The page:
“She [Torres] is very good, but she has never been given proper training. She would have been a gold medalist by now if she had been sufficiently supported before,” he says.

Lafferty is funding the training of Torres out of his own pocket. He says he already has selected people who will form Torres’ training team.

An Olympian from Nigeria was scheduled to go to the Philippines at the time of this writing to start her formal training, he says.

Lafferty says the achievements of Torres so far were encouraging given that she had never been given fully funded training. He has high hopes that Torres will make it even bigger in the field of long jump now that she has a team hired to develop her skills.


Sports psychologist

In a top-level competition such as the Olympics, Lafferty says, the difference between a winner and a loser could be very slim. That is why ensuring an athlete undergoes proper training and fitness program, and is given ample psychological conditioning is crucial, he says.

Hiring a sports psychologist is necessary in order to help an athlete manage his or her fear when performing before a large audience, he says.

Because fear of performing before a huge crowd is one of the most common forms of fear—and because athletes are meant to perform in front of a live and television audience—hiring a sports psychologist is as important as hiring other trainers, he adds.

“That is why a full training can be expensive,” Lafferty says.

“I can sponsor one athlete, but I cannot financially support many Filipino  athletes. That is why I am soliciting help from my fellow CEOs,” he says.


20 CEOs supporting 20 athletes

Lafferty is targeting to convince 19 other CEOs to join him in his advocacy. As of this writing, Lafferty says, he would already have spoken to 10 corporate heads whom he expects to commit to the Adopt an Olympian program.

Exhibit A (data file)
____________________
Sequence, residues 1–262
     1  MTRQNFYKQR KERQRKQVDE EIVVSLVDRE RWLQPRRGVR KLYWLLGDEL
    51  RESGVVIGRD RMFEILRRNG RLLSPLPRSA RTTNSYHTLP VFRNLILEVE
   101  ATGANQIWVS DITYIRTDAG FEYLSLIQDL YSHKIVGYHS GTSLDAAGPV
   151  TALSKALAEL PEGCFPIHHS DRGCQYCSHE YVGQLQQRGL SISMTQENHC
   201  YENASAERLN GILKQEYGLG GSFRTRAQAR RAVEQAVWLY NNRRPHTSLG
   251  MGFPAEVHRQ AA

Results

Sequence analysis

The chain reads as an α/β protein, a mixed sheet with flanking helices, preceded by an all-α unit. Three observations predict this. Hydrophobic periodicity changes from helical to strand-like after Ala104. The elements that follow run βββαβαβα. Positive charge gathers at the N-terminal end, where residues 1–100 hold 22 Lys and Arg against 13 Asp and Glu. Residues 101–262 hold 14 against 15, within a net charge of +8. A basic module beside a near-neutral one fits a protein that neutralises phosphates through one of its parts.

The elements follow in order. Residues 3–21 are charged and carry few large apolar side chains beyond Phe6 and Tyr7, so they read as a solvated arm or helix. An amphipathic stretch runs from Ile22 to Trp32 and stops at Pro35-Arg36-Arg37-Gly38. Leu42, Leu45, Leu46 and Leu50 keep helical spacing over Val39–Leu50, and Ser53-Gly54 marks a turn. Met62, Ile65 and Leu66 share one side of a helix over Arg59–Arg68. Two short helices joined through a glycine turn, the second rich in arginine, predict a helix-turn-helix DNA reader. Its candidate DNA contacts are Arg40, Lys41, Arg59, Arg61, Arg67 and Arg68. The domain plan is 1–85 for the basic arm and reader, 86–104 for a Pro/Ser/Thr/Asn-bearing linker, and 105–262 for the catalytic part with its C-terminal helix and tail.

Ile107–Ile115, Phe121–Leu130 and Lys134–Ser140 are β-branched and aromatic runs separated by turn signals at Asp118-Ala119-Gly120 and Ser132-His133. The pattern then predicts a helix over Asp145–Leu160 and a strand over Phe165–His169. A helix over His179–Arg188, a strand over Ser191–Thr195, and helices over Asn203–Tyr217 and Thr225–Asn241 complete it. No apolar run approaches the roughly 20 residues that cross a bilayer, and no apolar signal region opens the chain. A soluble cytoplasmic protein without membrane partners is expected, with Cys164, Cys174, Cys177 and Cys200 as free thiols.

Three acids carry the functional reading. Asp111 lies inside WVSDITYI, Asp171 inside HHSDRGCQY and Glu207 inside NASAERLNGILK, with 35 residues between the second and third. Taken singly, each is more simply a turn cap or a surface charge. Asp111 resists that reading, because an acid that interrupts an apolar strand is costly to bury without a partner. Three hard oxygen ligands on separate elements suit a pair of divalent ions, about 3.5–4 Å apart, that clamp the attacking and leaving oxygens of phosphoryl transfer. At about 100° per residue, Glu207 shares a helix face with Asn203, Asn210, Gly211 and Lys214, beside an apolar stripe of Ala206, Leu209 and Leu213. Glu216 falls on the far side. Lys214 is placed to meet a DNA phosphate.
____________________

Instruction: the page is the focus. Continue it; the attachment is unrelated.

He is out to convince 10 more.

“I already have spoken with 10 other CEOs and I told them: ‘I want you to come on board with me. Our goal is for the Philippines to get at least one gold in Rio’,” Lafferty says.

His Adopt an Olympian program is patterned after a system in Cuba where 20 athletes believed to have the greatest Olympic winning potential are funded by individuals who have capacity to financially support athletes.

Lafferty says having 20 fully funded athletes may be enough to boost a country’s chance of winning a gold medal in the Olympics.

If the aim is to get a gold medal, he explains, it is wiser to spend on full training of 20 athletes rather than spend on partial training of 100.

He says the Philippine Sports Commission (PSC) will be asked to recommend the 19 other athletes who will be beneficiaries of the Adopt an Olympian program. The athletes should be those who have the biggest winning potential, he says.

“The athletes to be chosen should be those who are young and experienced in competitions,” Lafferty says.

Endearment for the Philippines

Lafferty could have opted to pursue his Adopt an Olympian program in any country, but he has chosen the Philippines where he has been based for quite some time.


Having worked for the Philippine units of Procter & Gamble and Coke prior to his stint at BAT, Lafferty, who is now on his eighth year in the Philippines, says he is eager to be of service to the Philippines in his own way, particularly through sports.